STAINED GLASS GROUP
7pm till 9pm – Monday evenings
Youlgrave Village Hall Woodwork Room
This group is for anyone interested in working with stained glass. We have many facilities to enable cold lead or copper foil work and some hot painting, slumping and fuzing.
Beginners will be taught but please ring Judith first. on 01629 630202 Those with experience may turn up and pay for materials they use, or bring their own.
Intermediates may want to experiment and make use of the experience of others there.
Charges will vary according to what is used and will cover costs.
During March, April and May 2018 the group will be mostly working on the 1914/18 Youlgrave Village Community Stained Glass Sculpture. You are welcome to join in.
Please come prepared in old clothes, solid shoes, soap, and plasters.
Youlgrave to Ypres – Coach Trip August 2018
FOR MORE INFORMATION PLEASE LOOK AT YoulgreaveYpres a site devoted to the trip
Details of what and why
The story begins in 1922 when Charles Waterhouse installed two stained glass windows and a banner in Youlgrave All Saints church in memory of his brother Rennie Compton Waterhouse who was killed at Gallipoli in 1915. The stained glass for the windows was gathered from the ruins of Ypres Cathedral in Belgium and now exists in the beautiful stained glass memorial windows.
This event has linked the communities of Yougrave and Ypres since that time. Next year, being the 100th anniversary of the end of WW1,is an opportunity to cement the established link and take it on in the future.
Youlgrave Silver Band has the opportunity to contribute to an event in August next year 2018 which will do just that. The Youlgrave1914/18 Community Group is, this winter, creating a sculpture in memory of the local men killed in WW1. This sculpture is to be presented to the people of Ypres at a ceremony in Ypres Cathedral in August next year.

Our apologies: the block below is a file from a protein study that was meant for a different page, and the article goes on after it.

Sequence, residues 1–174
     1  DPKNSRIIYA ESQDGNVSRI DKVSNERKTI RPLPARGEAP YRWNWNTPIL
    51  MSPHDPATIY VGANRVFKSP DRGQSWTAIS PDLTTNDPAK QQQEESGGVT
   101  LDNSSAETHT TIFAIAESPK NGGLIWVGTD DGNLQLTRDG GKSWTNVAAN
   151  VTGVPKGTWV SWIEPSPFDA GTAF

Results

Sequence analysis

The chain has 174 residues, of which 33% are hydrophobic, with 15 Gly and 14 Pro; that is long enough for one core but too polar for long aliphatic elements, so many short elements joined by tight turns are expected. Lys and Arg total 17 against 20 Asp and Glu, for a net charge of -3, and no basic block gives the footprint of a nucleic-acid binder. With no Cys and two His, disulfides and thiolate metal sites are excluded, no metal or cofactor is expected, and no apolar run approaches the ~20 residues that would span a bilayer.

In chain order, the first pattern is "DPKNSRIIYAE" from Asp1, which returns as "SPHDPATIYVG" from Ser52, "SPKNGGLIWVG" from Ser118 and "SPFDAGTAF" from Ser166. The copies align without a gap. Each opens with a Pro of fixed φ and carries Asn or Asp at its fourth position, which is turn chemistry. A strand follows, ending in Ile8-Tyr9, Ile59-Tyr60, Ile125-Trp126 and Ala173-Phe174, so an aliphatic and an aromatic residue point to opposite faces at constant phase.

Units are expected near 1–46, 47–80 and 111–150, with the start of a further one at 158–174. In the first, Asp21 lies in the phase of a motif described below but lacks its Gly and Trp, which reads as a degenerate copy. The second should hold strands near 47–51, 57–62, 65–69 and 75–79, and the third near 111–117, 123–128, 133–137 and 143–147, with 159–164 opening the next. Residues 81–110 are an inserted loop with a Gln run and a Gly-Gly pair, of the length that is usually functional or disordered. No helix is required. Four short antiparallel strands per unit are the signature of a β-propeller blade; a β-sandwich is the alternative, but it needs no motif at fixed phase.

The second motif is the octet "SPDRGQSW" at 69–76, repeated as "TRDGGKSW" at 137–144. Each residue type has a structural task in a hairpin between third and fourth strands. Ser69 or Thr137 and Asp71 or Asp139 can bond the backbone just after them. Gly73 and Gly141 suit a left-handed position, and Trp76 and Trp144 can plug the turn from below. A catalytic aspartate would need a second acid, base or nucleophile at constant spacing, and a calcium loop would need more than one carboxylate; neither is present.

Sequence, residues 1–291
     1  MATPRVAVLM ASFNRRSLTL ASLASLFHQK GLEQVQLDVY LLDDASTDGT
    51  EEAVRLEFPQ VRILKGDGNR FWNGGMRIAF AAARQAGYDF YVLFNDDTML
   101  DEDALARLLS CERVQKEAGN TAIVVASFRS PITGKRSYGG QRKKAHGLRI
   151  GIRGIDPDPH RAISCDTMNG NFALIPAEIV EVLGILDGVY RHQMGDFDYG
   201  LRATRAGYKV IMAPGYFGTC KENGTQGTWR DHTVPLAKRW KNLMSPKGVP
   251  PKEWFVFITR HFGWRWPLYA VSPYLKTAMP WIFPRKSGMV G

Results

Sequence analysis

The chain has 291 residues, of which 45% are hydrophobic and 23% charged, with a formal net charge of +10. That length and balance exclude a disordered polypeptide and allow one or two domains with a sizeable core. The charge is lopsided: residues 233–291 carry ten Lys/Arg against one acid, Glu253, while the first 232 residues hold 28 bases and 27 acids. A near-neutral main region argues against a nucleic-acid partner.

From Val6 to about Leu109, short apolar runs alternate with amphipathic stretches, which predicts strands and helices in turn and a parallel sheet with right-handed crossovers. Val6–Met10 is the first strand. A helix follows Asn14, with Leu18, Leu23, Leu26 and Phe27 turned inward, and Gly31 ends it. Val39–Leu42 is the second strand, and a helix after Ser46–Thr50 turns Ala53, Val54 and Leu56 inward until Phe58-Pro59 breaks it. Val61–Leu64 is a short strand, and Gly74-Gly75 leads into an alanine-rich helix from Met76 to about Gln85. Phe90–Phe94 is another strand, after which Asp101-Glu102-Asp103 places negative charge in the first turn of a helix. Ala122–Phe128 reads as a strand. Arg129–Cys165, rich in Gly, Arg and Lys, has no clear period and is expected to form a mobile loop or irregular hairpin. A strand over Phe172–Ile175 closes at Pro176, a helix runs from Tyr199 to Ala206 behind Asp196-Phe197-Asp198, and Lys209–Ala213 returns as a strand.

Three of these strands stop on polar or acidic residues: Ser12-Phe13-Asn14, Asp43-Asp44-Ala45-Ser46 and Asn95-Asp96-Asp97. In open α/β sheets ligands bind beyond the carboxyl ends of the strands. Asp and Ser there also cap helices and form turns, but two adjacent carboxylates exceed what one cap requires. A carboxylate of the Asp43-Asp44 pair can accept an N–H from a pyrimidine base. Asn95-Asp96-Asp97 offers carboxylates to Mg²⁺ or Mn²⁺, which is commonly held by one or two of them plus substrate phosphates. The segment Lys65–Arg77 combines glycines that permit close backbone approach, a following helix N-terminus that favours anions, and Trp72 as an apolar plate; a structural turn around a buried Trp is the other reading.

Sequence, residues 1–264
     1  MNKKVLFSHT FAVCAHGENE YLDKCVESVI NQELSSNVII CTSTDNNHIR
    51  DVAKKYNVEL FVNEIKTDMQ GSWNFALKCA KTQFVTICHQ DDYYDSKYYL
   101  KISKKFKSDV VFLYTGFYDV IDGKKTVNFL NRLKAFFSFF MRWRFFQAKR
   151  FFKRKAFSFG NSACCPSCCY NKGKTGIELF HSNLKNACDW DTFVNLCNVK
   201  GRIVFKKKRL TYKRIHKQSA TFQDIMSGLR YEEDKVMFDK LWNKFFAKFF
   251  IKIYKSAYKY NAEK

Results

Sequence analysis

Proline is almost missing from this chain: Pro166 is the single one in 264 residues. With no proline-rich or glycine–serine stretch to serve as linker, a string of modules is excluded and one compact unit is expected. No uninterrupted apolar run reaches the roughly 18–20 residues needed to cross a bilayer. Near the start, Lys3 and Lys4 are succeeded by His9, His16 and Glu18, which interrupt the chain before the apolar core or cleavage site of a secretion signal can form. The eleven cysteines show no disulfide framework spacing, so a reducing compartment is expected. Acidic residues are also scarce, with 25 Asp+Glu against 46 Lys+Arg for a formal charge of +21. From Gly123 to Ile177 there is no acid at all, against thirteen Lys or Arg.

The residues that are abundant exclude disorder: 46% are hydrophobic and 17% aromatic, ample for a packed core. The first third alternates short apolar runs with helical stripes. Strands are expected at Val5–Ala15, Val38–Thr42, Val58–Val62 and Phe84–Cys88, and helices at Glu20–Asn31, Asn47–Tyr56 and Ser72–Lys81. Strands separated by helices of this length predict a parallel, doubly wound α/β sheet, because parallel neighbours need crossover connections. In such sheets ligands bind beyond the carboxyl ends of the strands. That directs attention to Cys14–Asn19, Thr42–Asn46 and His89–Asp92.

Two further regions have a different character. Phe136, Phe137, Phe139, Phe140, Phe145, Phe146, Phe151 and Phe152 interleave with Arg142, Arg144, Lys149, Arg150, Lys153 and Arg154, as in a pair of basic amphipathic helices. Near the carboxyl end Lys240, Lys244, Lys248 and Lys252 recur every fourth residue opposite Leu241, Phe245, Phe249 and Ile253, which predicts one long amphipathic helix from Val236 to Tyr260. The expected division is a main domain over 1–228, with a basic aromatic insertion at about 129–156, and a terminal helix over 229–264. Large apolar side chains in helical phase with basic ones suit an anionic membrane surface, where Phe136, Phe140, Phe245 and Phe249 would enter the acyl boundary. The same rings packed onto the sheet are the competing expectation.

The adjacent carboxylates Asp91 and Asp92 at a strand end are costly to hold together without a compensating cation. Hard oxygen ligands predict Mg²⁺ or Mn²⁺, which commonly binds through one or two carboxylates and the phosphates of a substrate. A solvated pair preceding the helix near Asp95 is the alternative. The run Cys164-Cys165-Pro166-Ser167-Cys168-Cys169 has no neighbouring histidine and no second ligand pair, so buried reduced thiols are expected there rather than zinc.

The arrangements for the presentation are made and travelling etc. is available so that people from Youlgrave can support the event. At the moment it is anticipated that up to 100 people will do so.
We have filled one coach for the trip already.
Youlgrave Silver band will play at the presentation of the sculpture in Ypres cathedral, and three other concerts at related venues and be involved in the “Last Post” ceremony at the Menin Gate war memorial.
The sculpture –
The sculpture –was the culmination of a competition winners designs held in the three local parishes. And is being made after a summer of training a team in stained glass skills.
It will be about 2m high, consisting of a base of local lime stone pillars supporting a local oak wheel of stained glass lit from beneath. Through the centre there will rise an oak trunk – from Chatsworth. The lower section will be surface charred and as it rises through the stained glass, it will look organically carved in clean but natural, lines, as the spire of Ypres Cathedral and the tower of All Saints, Youlgreave, signifying a better future. Four arches will cross the central oak in two bell shapes of stained glass, representing four related subjects. Sacrifice, reconciliation, the link, and future hope.
In the longer term it is intended to share the sculpture with Ypres. It is designed to be split into two parts so that it can be moved in part or completely between Ypres and Youlgrave. This will enable it to be used at relevant events in the future and in particular at remembrance services in November each year. The sculpture will be a physical recognition of the 100th anniversary of the end of WW1 and a lasting sign of the spirit of remembrance in both communities for years to come. Also it will be a reminder to all that military conflict is to be avoided in years to come. The band and the communities will have a physical reminder of the cost of war and a further reason to remember Rennie Compton Waterhouse and his comrades from Youlgrave in the future.